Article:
Next Article in Journal
An Assessment of the Effectiveness of Tree-Based Models for Multi-Variate Flood Damage Assessment in Australia
Next Article in Special Issue
The Fall and Rise of the Kishon River
Previous Article in Journal
Simulation and Validation of Cisco Lethal Conditions in Minnesota Lakes under Past and Future Climate Scenarios Using Constant Survival Limits
Previous Article in Special Issue
Using a Participatory Stakeholder Process to Plan Water Development in Koraro, Ethiopia
Article Menu

Export Article

Open AccessArticle
Water 2016, 8(7), 280; doi:10.3390/w8070280

Conflict Management in Participatory Approaches to Water Management: A Case Study of Lake Ontario and the St. Lawrence River Regulation

Bioresource Engineering, McGill University, 845 Rue Sherbrooke O, Montréal, QC H3A 0G4, Canada
*
Author to whom correspondence should be addressed.
Academic Editors: Sharon B. Megdal, Susanna Eden and Eylon Shamir
Received: 19 February 2016 / Revised: 13 June 2016 / Accepted: 29 June 2016 / Published: 8 July 2016
View Full-Text   |   Download PDF [807 KB, uploaded 8 July 2016]   |  

Abstract

The International Joint Commission (IJC) has been involved in a 14-year effort to formulate a new water regulation plan for the Lake Ontario St. Lawrence River (“LOSLR”) area that balances the interests of a diverse group of stakeholders including shipping and navigation, hydropower, environment, recreational boating, municipal and domestic water supply, First Nations, and shoreline property owners. It has embraced the principles of collaborative and participatory management and, applying a Shared Visioning Planning (SVP) approach, has worked closely with stakeholders throughout all stages of this process; however, conflicts between competing stakeholders have delayed and complicated this effort. The overarching aim of this paper is to consider the extent to which the SVP approach employed by the IJC was effective in managing conflict in the LOSLR context. Audio recordings and transcriptions of public and technical hearings held by the IJC in 2013 have been systematically analysed using stakeholder mapping and content analysis methods, to gain insight into the stakeholder universe interacting with the IJC on Plan 2014. The principal conclusions of this paper are that (a) the Shared Vision Planning approach employed by the IJC had some significant successes in terms of conflict management—particularly notable is the success that has been achieved with regards to integration of First Nation concerns; (b) there is a distinct group of shoreline property owners, based in New York State, who remain opposed to Plan 2014—the IJC’s public outreach and participation efforts have not been successful in reconciling their position with that of other stakeholders due to the fact that this stakeholder group perceive that they can only lose out from any regulation change and are therefore unlikely to be motivated to engage productively in any planning dialogue; and (c) a solution would require that the problem be reframed so that this stakeholder can see that they do in fact have something to gain from a successful resolution, which may necessitate bringing the prospect of compensation to the table. View Full-Text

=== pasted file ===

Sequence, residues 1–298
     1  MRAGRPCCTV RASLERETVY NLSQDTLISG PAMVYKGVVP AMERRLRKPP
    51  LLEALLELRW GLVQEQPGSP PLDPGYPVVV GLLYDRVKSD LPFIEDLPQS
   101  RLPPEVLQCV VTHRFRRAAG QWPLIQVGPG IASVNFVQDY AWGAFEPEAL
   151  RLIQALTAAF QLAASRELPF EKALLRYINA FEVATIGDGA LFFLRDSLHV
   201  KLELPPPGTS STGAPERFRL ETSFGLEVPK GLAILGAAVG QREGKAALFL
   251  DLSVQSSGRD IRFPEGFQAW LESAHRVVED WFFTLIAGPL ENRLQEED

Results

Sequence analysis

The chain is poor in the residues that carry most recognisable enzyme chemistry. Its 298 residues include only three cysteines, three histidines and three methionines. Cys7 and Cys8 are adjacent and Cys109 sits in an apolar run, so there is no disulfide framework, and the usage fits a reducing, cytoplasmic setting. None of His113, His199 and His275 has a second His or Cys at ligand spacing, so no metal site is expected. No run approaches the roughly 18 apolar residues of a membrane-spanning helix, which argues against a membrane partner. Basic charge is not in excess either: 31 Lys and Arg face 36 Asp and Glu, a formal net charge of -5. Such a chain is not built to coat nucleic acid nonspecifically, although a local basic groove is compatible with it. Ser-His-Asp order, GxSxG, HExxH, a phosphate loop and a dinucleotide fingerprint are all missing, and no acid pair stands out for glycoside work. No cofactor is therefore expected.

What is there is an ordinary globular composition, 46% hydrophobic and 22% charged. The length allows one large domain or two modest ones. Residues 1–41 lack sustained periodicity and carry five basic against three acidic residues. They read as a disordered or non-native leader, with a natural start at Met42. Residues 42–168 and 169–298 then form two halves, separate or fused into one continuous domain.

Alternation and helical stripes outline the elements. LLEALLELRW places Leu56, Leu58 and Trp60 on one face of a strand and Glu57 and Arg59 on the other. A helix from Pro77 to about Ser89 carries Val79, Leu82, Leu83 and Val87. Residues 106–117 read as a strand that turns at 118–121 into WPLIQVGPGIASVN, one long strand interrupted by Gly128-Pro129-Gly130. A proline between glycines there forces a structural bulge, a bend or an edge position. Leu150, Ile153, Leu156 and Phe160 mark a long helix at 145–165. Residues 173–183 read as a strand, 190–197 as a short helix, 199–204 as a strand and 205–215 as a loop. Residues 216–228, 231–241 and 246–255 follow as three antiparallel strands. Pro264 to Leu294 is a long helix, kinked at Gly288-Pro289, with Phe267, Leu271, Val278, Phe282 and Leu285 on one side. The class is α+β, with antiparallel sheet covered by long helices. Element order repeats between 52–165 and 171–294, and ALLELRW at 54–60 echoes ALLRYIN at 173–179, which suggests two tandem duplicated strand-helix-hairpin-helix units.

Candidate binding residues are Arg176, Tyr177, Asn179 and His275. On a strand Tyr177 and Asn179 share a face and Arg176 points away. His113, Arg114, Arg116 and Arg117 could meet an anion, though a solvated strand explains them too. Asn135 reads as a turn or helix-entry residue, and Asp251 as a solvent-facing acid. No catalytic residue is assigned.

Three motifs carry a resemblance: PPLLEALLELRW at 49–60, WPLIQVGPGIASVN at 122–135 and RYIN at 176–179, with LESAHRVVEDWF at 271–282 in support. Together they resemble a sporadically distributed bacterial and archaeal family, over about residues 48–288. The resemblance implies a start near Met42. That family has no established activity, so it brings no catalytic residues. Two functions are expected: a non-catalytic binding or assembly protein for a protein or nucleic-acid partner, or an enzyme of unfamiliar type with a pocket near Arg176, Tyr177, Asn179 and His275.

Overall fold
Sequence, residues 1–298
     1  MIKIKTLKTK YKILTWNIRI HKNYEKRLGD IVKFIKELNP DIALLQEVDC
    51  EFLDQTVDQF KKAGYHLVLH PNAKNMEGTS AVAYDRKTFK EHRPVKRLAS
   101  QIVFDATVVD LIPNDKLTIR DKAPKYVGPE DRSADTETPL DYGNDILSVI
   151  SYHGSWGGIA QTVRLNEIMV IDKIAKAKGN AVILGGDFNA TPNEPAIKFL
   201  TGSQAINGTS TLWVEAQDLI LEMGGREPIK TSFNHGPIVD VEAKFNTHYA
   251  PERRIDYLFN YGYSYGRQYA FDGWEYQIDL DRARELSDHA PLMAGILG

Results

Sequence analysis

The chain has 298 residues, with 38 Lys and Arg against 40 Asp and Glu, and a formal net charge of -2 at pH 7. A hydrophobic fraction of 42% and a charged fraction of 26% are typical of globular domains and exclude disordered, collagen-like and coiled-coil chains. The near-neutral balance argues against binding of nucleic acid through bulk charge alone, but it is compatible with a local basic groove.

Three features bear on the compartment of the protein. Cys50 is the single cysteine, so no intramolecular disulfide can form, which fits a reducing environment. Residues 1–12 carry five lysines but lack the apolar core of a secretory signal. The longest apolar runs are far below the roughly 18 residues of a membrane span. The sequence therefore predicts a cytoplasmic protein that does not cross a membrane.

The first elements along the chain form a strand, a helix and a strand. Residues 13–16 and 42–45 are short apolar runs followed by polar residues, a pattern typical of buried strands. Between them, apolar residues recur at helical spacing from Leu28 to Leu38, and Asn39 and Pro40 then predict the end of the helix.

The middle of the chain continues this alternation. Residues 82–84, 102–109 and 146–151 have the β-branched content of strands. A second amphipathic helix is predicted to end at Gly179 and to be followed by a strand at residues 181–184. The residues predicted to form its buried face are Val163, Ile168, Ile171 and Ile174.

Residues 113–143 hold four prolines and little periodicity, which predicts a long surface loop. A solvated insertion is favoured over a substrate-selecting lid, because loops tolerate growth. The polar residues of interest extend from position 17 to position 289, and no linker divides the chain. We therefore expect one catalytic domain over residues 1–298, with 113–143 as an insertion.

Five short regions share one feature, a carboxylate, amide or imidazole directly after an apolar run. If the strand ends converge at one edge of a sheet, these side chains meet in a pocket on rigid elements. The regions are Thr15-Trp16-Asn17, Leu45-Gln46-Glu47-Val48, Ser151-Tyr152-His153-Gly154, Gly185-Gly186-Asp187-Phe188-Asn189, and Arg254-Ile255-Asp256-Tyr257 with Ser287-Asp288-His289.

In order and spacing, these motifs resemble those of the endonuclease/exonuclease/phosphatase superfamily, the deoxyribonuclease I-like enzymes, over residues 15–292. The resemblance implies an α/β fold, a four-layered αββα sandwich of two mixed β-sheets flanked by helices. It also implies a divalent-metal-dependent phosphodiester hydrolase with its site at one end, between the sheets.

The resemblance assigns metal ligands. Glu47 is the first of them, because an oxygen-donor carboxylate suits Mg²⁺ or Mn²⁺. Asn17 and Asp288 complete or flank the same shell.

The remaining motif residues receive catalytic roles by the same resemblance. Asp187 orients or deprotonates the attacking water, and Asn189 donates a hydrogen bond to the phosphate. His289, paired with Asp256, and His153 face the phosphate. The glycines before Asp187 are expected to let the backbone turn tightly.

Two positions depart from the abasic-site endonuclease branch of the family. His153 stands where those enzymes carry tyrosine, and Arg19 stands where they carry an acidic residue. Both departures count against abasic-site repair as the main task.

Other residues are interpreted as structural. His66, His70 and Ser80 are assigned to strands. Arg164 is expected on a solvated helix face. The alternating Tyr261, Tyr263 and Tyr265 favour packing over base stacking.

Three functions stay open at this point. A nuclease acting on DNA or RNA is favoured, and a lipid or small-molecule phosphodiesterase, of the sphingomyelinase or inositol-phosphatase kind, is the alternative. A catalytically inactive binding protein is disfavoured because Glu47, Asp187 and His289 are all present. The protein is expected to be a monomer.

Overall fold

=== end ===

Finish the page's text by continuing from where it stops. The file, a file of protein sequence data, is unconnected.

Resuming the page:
Keywords: conflict; participation; Shared Vision Planning; Lake Ontario; St. Lawrence River conflict; participation; Shared Vision Planning; Lake Ontario; St. Lawrence River
This is an open access article distributed under the Creative Commons Attribution License which permits unrestricted use, distribution, and reproduction in any medium, provided the original work is properly cited. (CC BY 4.0).

Scifeed alert for new publications

Never miss any articles matching your research from any publisher
  • Get alerts for new papers matching your research
  • Find out the new papers from selected authors
  • Updated daily for 49'000+ journals and 6000+ publishers
  • Define your Scifeed now

SciFeed Share & Cite This Article

MDPI and ACS Style

Furber, A.; Medema, W.; Adamowski, J.; Clamen, M.; Vijay, M. Conflict Management in Participatory Approaches to Water Management: A Case Study of Lake Ontario and the St. Lawrence River Regulation. Water 2016, 8, 280.

Show more citation formats Show less citations formats

Note that from the first issue of 2016, MDPI journals use article numbers instead of page numbers. See further details here.

Related Articles

Article Metrics

Article Access Statistics

1

Comments

[Return to top]
Water EISSN 2073-4441 Published by MDPI AG, Basel, Switzerland RSS E-Mail Table of Contents Alert
Back to Top